Once Mike was admitted to the hospital, my tension eased. Momentarily. Test after test took up that entire day, and again the next and the next, with no results being shared with us. I’d leave for home around nine o’clock and arrive there by ten-thirty. I’d let the dog out for a bit, grab the mail out of the box, then call Mike to let him know I got home okay. With the dog back in for his dinner, I’d throw something together for myself. Sometimes it was breakfast cereal, which often grew soggy while I fielded phone calls from friends, asking about Mike’s condition.

Each morning I would hook the dog outside, shower and shampoo myself, bring the dog in and head for the hospital for a long day with more tests but no answers. And each day Mike turned more and more yellow. I would pester the nurses, the aides, and doctors—whoever entered his room, "What’s going on?"

All were politely noncommittal.

Thursday started out the same, except my patience was low. I grilled the first doctor who entered Mike’s room: "What’s going on? What have all the tests shown? Why is he so yellow? What’s going to happen?"

The doctor raised his hand as if to stop my patter. "Slow down. I’ll tell you." He stepped closer. "As you know, we’ve been running a lot of tests—on his heart, his circulation, his blood and so on. We know that the liver has shut down for some reason." He glanced at Mike, then back to me. "That’s why the jaundice, or yellowing of the skin. We’ve been trying to determine what anesthetic he’d be able to handle—one that doesn’t use the liver to clear out of the body. You understand?" Mike gave him a nod, then turned toward me.

"Not entirely." I needed clarification. "My mind is picturing all kinds of horrible diseases—are we talking cancer, or what?"

"No, no." The doctor began. "Not cancer. Blood tests indicate the presence of Hepatitis B, which is most likely the problem with the liver. We’ll do a biopsy a couple of weeks after his surgery. The pathology on that will tell us what’s going on. We do know the foot is gangrened, which only surgery will stop. Good news is we have found an anesthetic that will work, and have scheduled the amputation for tomorrow morning at eleven. The surgery will take about two hours—if all goes well. He should be back in his room an hour after that. Any questions?" He turned to Mike, then back to me.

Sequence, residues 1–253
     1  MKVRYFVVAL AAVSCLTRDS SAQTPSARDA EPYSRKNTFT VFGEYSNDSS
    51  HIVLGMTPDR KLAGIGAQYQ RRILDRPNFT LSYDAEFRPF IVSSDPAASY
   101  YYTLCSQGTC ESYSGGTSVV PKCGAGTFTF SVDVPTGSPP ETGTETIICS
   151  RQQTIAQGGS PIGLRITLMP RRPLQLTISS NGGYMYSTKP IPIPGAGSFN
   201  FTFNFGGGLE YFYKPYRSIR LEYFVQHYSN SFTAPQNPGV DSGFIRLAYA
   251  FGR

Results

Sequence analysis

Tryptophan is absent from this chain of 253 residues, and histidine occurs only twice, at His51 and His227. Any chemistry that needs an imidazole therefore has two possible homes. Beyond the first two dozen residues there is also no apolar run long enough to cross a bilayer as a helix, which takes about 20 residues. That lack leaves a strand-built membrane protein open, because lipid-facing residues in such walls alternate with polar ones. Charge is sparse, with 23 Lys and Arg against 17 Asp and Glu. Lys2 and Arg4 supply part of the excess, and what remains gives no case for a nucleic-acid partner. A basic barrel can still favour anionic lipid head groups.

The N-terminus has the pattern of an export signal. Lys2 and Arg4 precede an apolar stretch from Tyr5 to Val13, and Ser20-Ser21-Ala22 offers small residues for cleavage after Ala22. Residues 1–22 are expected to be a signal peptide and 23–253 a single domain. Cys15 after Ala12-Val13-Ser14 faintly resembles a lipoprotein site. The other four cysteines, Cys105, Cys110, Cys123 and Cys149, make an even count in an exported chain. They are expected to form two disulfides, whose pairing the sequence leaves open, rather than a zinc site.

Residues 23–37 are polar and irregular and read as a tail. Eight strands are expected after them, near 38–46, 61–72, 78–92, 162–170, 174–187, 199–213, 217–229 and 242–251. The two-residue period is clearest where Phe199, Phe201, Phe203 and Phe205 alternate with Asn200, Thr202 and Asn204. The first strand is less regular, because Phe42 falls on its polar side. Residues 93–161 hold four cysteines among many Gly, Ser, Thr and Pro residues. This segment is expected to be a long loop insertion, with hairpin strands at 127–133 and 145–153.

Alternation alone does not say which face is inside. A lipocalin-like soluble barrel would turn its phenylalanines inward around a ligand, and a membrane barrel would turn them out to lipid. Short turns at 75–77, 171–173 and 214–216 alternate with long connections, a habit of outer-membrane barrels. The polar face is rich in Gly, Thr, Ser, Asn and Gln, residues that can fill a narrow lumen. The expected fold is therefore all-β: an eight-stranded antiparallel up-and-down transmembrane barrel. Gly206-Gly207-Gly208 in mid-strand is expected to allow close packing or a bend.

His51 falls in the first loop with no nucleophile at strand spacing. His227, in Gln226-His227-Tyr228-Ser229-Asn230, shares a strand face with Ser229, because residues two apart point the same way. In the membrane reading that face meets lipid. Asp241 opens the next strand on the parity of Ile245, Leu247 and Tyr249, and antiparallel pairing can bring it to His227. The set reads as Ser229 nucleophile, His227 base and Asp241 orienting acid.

Mike’s eyes narrowed, his chin rose and his lips grimaced, outwardly betraying his brave façade.

Before he could rip into the doctor about it, I blurted out the question. "What do you mean ‘if all goes well’?"

Mike winked at me, as if to say thanks. His grimace softened.

"He should do well," the doctor continued. "However, with his overall health compromised—by his diabetes, his congestive heart failure, his Hepatitis B, plus whatever else might be going on with the liver—there is always a chance of complications."

I didn’t want to hear more. "When will they take him out to prep?"

"Ninety minutes ahead," the doctor answered. "So be here around nine if you want to see him before surgery."

"Okay, I will. Thank you."

"You’re welcome." He backed up, patted Mike on the knee and added, "Don’t worry. You’ll do fine." Mike managed a smile and a weak thank you, but he didn’t look confident. I stayed with him until nine o’clock, then headed for home.

Within minutes I was merging with traffic on I-5 North. The hypnotic back and forth motion of passing vehicles soon relaxed my consciousness enough for the buzzards of old to return once again. What if he dies? How will I survive? How will I pay the bills? How can I get the house financed when I don’t have a job?

Dear God, please help me. Give me a sign ... I don’t think I can survive much more.

The buzzards accompanied me the full ninety minutes home to my usual late-night routine. Usual except for a check from Social Security waiting in our mail box—Mike’s disability benefits had been approved!

Thank you, Dear God.